Diabetic neuropathy (DN) is the most common chronic complication of diabetes, affecting up to 50% of individuals with type 1 diabetes (T1DM). DN is a progressive disease, leading to severe morbidity and staggering health care costs ($22 billion/year www.diabetes.org). Patients experience poor quality of life due to pain, loss of sensation leading to poor balance, falls and eventual foot deformities with high rates of ulcerations and amputations. While not as commonly diagnosed as DN, cardiovascular autonomic neuropathy (CAN) carries equal morbidity with patients experiencing orthostasis, arrhythmias and premature death. Evidence for an important role of low-grade inflammation in the pathogenesis of DN and CAN is emerging from both experimental and clinical studies. We recently completed a series of microarray analyses of sural nerve biopsies from subjects with stable versus progressive DN and discovered a highly significant increase in the expression of inflammatory response genes in subjects with progressive DN. Salsalate is highly effective anti- inflammatory therapy, with a large margin of safety and low cost. In a prior proof of concept pilot study (R03 DK 094499), we obtained the IND (IND 113650) for the use of salsalate and completed clinical and safety assessments in 8 subjects with T1DM and DN, treated with 3 gram/day salsalate for 3 months, with evidence of early clinical efficacy and drug safety. Our long-term goal is to identify mechanism based therapies for the treatment of DN and CAN. The objective here is to determine if salsalate is an effective and safe therapy for DN and CAN. Our central hypothesis is that inflammation has a role in the development and progression of DN and CAN and that blocking inflammation with salsalate can positively affect disease progression. The rationale for the proposed research is that a pilot clinical trial of salsalate therapy will: 1) test the role of inflammation in DN and CAN, 2) allow for biomarker development for both disorders, and 3) provide the justification for a large scale clinical trial of salsalate n the treatment of DN and CAN. We plan to test our central hypothesis, and thereby accomplish the objective of this application, by pursuing two specific aims:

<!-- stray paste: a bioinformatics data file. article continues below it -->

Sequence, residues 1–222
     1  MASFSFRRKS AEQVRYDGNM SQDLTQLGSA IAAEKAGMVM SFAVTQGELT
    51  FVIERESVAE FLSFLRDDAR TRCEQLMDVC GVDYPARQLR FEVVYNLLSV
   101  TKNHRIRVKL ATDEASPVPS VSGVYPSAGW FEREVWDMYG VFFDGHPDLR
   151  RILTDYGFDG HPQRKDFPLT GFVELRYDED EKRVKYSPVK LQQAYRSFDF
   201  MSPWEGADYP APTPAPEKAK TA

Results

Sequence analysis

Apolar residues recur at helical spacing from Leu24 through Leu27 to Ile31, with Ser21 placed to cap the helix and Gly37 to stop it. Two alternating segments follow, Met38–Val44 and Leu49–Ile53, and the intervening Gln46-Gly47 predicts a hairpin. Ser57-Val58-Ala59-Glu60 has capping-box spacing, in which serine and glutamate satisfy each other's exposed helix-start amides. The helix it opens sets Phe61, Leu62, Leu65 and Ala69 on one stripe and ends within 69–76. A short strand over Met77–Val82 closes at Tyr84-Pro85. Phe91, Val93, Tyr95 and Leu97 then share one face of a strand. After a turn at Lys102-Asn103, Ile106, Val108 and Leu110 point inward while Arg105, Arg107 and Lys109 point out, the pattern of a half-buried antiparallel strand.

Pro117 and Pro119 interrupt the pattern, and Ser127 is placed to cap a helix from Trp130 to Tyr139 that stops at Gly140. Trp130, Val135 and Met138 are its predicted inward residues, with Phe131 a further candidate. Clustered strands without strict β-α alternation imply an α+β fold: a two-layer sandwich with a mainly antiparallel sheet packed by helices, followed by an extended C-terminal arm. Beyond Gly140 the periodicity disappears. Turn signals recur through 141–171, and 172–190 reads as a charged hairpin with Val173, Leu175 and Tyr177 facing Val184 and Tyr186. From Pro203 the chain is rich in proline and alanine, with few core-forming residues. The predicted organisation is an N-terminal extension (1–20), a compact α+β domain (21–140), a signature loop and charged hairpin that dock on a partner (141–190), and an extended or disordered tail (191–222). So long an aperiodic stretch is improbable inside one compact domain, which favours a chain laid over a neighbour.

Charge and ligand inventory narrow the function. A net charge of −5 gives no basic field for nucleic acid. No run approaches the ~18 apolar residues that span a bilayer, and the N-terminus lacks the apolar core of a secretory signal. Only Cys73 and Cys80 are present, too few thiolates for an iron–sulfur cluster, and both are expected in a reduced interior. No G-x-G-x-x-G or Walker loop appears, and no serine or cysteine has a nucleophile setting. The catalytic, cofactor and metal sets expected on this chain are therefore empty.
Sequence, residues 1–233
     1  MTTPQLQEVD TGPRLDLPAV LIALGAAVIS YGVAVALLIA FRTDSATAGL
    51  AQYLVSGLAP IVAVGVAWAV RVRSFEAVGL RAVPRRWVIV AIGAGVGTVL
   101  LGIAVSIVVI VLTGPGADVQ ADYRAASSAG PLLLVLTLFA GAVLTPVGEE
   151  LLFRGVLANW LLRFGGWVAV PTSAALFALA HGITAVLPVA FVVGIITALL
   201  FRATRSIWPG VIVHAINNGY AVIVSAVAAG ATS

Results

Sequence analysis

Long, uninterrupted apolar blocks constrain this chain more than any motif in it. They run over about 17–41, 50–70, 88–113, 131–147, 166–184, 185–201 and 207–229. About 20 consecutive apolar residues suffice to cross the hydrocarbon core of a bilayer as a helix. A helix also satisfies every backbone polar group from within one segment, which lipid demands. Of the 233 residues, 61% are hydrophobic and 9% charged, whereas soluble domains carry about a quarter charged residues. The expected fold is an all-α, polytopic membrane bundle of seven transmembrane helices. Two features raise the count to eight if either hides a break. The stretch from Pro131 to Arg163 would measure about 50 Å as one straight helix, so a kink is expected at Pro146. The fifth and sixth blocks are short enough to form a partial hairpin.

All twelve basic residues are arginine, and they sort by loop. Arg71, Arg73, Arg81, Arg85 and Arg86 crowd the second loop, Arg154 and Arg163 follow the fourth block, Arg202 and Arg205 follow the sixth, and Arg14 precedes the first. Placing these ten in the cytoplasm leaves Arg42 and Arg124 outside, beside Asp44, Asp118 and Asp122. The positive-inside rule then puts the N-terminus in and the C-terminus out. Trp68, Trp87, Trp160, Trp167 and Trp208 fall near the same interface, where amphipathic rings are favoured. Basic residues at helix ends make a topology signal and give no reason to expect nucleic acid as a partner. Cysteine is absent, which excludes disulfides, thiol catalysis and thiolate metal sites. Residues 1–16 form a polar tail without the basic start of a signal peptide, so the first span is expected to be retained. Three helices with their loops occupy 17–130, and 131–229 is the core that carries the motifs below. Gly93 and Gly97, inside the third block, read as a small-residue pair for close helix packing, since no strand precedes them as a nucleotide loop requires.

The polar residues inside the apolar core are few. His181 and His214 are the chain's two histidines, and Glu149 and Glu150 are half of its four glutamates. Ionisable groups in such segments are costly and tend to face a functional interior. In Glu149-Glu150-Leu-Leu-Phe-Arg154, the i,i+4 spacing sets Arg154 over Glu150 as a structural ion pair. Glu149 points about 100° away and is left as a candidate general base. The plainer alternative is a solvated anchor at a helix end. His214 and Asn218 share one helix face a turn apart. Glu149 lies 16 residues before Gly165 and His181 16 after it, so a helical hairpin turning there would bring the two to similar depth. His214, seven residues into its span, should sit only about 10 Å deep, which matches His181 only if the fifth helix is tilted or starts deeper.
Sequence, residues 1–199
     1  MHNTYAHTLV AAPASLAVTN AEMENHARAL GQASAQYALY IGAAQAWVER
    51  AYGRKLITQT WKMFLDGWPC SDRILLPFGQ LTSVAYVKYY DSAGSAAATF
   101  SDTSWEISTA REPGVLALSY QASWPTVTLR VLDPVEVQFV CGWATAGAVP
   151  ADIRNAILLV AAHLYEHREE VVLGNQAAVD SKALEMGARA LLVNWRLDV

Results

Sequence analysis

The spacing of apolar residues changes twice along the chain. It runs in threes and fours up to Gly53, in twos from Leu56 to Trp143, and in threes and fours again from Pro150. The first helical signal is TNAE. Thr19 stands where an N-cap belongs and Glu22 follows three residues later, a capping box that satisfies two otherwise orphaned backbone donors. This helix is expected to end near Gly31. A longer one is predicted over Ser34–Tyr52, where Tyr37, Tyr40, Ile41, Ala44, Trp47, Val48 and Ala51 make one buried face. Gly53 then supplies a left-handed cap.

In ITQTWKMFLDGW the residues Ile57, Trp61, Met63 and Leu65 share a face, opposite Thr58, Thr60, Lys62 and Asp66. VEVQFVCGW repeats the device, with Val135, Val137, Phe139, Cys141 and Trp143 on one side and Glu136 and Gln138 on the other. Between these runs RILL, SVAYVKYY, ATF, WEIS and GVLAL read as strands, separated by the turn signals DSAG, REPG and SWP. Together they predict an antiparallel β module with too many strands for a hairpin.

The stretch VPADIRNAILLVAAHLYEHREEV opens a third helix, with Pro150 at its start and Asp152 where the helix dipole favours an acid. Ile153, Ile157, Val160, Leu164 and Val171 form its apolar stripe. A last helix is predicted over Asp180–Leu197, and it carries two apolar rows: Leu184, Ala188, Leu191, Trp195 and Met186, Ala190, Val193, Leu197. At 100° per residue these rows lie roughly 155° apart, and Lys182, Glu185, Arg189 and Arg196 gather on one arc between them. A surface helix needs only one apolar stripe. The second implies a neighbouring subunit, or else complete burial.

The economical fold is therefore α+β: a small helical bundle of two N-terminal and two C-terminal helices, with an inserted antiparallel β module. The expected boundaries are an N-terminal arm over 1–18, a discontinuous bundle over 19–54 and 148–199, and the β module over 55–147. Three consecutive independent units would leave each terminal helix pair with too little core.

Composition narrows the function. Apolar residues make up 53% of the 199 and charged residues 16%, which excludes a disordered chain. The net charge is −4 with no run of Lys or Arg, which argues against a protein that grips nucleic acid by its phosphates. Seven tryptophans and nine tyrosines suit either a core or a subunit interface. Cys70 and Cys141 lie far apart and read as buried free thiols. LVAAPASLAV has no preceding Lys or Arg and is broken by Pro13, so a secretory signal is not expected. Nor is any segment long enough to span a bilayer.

Aim 1 : Examine the therapeutic efficacy of 3 gram/day salsalate for 12 months on measures of DN and CAN in subjects with T1DM and mild DN Aim 2: Determine the safety profile of 3 gram/day salsalate in patients with T1DM and mild DN.

Public Health Relevance

This study is relevant to public health because diabetic neuropathy (DN) is the most common chronic complication of diabetes, ultimately affecting half of patients with diabetes and leading to severe morbidity, high mortality, major physical disability, and poor quality of life. This is relevant to the NIH mission because to date there is still no specific treatment for DN. We propose to use a FDA-approved drug commonly used to treat osteoarthritis, to address inflammation - a critical mediator in the development and progression of peripheral nerve damage and pain in diabetes, which has recently been shown to have potential clinical benefit in DN.

National Institute of Health (NIH)
National Institute of Diabetes and Digestive and Kidney Diseases (NIDDK)
Research Project (R01)
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Clinical Neuroplasticity and Neurotransmitters Study Section (CNNT)
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Jones, Teresa L Z
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University of Michigan Ann Arbor
Schools of Medicine
Ann Arbor
United States
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